General Contractors Work to Move More
Liability to Glazing Contractors
The implementation of design-assist in the project delivery process has
brought the glazing contractor on the design team early in the game; however,
it also has him paying for professional liability insurance for contractors.
"We've seen that requirement recently in some subcontracts where
it appears general contractors (GC) doing work as 'construction managers
at risk' are trying to push off some potential liabilities onto their
subcontractors," says William C. Keen, executive vice president and
CEO of TEPCO Contract Glazing Inc. in Dallas. "This requirement is
fairly new and, since there is perceived exposure, may not go away. "
Professional liability coverage for contractors is available now to subcontractors,
but there is an additional cost.
Enclos Corp., headquartered in Eagan, Minn., has carried professional
liability insurance for many years now, says Mic Patterson, director of
strategic development at Enclos. Patterson says, "Currently, design-assist
is a big umbrella and there are many variations ... but the central idea
is to get the primary vendors, material suppliers and specialty contractors
on board the design team as early in the development process as possible."
The design-assist work mitigates risk and makes for a more successful
project, Patterson says. "But it does create the potential for professional
liability for those that participate in the process," he says.
However, the insurance industry is playing catch-up in responding to these
changes. "The lack of effective and efficient insurance products
can hinder and even strangle evolving project delivery processes,"
Attila Arian, president of seele Inc. in New York, agrees. "Based
on our experience, the biggest risk exposure in design- built contracts
is budget overruns and delays, which are not covered by the general liability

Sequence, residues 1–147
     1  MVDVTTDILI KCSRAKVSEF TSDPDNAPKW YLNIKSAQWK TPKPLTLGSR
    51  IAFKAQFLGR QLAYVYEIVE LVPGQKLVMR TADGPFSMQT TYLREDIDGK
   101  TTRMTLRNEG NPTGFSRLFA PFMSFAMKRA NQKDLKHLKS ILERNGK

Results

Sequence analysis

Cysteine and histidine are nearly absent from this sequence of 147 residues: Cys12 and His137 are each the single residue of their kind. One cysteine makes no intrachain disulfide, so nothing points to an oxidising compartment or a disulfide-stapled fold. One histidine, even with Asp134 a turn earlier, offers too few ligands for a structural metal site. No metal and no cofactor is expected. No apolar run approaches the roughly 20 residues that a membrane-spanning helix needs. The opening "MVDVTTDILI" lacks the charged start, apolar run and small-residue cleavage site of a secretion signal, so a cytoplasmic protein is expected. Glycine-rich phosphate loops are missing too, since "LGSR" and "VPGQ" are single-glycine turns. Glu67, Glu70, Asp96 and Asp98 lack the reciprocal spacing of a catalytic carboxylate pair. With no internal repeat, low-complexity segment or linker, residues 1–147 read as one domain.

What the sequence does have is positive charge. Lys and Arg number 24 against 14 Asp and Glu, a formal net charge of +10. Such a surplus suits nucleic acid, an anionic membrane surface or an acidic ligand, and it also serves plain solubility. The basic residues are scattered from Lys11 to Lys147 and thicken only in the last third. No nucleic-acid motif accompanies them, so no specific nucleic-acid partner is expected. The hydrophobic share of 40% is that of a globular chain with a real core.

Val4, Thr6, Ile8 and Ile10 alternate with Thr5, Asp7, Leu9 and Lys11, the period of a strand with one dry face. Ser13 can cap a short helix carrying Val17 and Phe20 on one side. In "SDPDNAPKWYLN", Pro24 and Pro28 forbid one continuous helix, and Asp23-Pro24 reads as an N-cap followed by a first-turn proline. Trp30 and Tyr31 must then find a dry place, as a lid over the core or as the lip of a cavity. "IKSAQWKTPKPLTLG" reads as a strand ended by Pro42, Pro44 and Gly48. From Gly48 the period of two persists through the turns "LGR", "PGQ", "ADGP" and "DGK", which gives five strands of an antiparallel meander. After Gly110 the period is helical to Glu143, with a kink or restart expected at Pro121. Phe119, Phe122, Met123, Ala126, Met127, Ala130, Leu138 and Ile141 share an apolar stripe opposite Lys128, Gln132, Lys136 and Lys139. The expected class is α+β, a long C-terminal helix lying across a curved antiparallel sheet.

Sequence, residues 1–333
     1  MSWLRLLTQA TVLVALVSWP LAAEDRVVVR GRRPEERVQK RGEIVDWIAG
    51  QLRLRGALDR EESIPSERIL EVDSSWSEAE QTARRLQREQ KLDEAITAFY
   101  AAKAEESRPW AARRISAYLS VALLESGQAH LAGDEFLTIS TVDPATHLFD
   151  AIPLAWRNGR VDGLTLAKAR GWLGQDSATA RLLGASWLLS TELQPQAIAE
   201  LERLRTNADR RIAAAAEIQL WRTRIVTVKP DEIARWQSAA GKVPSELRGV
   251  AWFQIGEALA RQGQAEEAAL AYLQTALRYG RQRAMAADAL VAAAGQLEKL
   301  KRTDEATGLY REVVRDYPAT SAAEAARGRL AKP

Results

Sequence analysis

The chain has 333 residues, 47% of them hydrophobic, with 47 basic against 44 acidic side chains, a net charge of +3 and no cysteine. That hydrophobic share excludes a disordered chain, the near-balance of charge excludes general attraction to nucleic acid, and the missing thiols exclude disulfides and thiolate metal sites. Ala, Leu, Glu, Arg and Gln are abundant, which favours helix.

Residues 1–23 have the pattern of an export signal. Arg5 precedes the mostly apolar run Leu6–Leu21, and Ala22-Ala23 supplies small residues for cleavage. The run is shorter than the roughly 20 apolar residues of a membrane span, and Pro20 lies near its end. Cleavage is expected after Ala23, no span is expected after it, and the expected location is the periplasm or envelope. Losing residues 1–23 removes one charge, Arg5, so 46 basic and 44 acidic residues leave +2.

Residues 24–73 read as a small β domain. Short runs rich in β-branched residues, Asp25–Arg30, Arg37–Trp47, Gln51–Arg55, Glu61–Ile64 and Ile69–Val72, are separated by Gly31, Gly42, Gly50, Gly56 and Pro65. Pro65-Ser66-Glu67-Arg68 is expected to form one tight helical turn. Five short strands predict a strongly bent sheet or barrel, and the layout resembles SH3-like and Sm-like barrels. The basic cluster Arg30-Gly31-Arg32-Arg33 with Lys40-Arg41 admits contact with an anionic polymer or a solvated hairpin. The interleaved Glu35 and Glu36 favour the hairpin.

insurance," he says. "Insurance programs need to cater to the
needs of the contractors and offer specific coverage for design-build
Building information modeling software is another area that needs attention,
Arian says. "The interactive collaboration of multiple trades and
the design team creates efficiencies and benefits the project in many
ways," he says. "However, it exposes the individual contractors
to risks that are currently not covered by the general liability insurance.
Assuming the insurance industry started offering contractor-specific products,
who would pay for it? "We asked [the GC] to pay for it, but they
don't want to pay," Keen says. "So, we've stricken it from the
subcontract. They normally come back and object ... generally we compromise,
and we provide them with a copy of the errors and omissions insurance
certificate from the professional engineer who's performing the calculations
on our work."
Before paying for the insurance there are a couple of things to consider,
Keen says. "First, the glazing sub has general liability insurance
that will cover bodily injury or property damage due to an improper design
of that glazing contractor ... However, there is exposure if an owner
were to discover later that the project material provided does not meet
the function intended, whereby economic loss might be incurred due to
'loss of use' of property during rework." That is not covered by
general liability insurance, he says. "If a glazing contractor develops
plans and specifications for his materials then he will have exposure,
and the general contractor will try to make sure that the glazing contractor
assumes that risk." Secondly, "the prudent glazing contractor
will be employing for his design calculations a professional engineer
who carries errors and omissions insurance," Keen says.
ABI Climbs into Positive Territory
Continuing the positive momentum of a nearly three point bump in October,
the American Institute of Architects' (AIA) Architecture Billings Index
(ABI) reached its first positive mark since August. As an economic indicator
of construction activity, the ABI reflects the approximate nine to twelve
month lag time between architecture billings and construction spending.
AIA reported the November ABI score was 52.0, following a score of 49.4
in October. This score reflects an overall increase in demand for design
services (any score above 50 indicates an increase in billings). The new
projects inquiry index was 65.0, up from a reading of 57.3 the previous
month. Key November ABI highlights include:
- Regional averages: South (54.4), Midwest (50.9), Northeast (49.1),
- Sector index breakdown: multi-family residential (55.8), commercial/industrial
(53.9), institutional (48.9), mixed practice
- Project inquiries index: 65.0.
The regional and sector categories are calculated as a 3-month moving
average, whereas the index and inquiries are monthly numbers.
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